I’m surprised by the striking difference between Kigali and Kampala. Kigali feels like your “play by the rules, mow the lawn every Saturday at 10:00” neighbor and Kampala is that “to heck with the rules, is the party still going?!” neighbor on the other side.
As I set out, I am eager to see if this spirit continues with the individual co-ops I visit.
I was greeted this morning by the beautiful, intelligent and very fun Sherina, the ADP contact in Kampala. After a lovely breakfast we headed out to the co-op a short distance outside of Kampala. The president of the co-op lives a couple of kilometers off the main highway, down a bumpy dirt road to a small grouping of homes. A few of the members are there to meet us quickly after we arrive. To my surprise, they speak excellent English.
Deborah, the president of the cooperative, left to gather a few more members while Sherina and I looked around a bit. We passed a young girl steaming a stack of banana leaves over an open fire and then headed to the mushroom farm to take a look. The individual mushroom gardens—think small cylindrical sacks—were in varying stages of growth all of which the members would explain to me later.
We headed back to meet more of the members, there are 20 in all with 4 men and the remainder women, but not all were present as some live a good walk away. There is a wide variety in age and all were eager to talk about their work.
Ben is the member that has received the most training so he discussed how the gardens are prepared, then grown and harvested. During the three-month lifetime of the garden there is a 7-day growing time and then two days to harvest and the process is repeated. The gardens require watering three times per day to keep moist but also must be kept dark, cool and pest-free. Over their lifetime up to 7 kilos of mushrooms can be harvested. A garden costs 2500 shillings to buy pre-made but they are investigating making their own which would cost 1000 shillings, considerably cutting their start-up costs.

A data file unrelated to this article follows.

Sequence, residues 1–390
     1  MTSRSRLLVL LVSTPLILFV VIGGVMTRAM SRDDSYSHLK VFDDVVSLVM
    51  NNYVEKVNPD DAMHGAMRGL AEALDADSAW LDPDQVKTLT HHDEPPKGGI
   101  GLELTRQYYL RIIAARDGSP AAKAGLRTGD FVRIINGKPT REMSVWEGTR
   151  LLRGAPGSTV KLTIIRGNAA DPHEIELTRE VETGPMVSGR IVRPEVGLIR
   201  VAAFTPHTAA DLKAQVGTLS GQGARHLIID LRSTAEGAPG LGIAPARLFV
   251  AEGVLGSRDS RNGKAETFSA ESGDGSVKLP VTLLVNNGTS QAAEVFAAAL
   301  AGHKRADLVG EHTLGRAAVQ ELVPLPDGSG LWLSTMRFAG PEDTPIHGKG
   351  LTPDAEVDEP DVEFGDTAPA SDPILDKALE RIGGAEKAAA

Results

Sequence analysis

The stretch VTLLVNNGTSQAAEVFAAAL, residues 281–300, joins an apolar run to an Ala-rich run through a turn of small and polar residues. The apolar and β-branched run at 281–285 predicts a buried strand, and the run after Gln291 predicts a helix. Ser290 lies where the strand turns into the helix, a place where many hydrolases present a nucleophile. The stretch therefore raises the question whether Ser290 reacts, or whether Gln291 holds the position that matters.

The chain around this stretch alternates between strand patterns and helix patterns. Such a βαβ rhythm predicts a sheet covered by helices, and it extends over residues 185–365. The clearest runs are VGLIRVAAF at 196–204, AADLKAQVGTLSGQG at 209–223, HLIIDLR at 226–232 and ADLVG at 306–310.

Other members talked about their hopes for marketing the mushrooms and showed us prepackaged mushrooms found in the supermarkets as well as dried mushrooms, which they talked about later could be achieved through solar driers.
We then moved on to the secondary farm where they wish to expand with more members of the cooperative. There are several challenges in keeping the members gardens marked and separated as well as coming up with a caretaking schedule that would allow those members that live farther away to participate at an equal level.
We headed back to sit and talk under a tree outside Deborah’s home. The members were incredibly patient with me as I had technical difficulties with the camera that never totally resolved itself. There they talked about why the cooperative was important to them. One of the most striking statements was ‘we are not educated’. I mostly listened while they talked except at this point when I said a very much disagreed with that statement. Nothing could be further from the truth in my eyes. They are incredibly bright and certainly knowledgeable about their mushrooms down to one member talking about its nutritional value, and their dreams and plans are sophisticated and well researched.
The other opinion that brought much agreement from the group was basically about how this effort could empower them as women (Ben was the only male representative so he was a bit under-represented on this). No longer do they have to wait at home for their husband to buy things and just have babies, but now they can contribute. And my favorite ‘become a boss a little bit’.
And they continued to impress me with their long-term view of their impact in that it could eventually provide employment for the children as they finished their schooling and possibly could not find jobs elsewhere. Believe me, this is a well thought and, more importantly, deserving plan.
I’ve got a sceptics mind, and my natural inclination is to counter with all points of potential failure. But in the end I was left with the impression that with the right amount of assistance, there is no doubt that these women are prepared and able to overcome any obstacle.
What a privilege it was to meet them.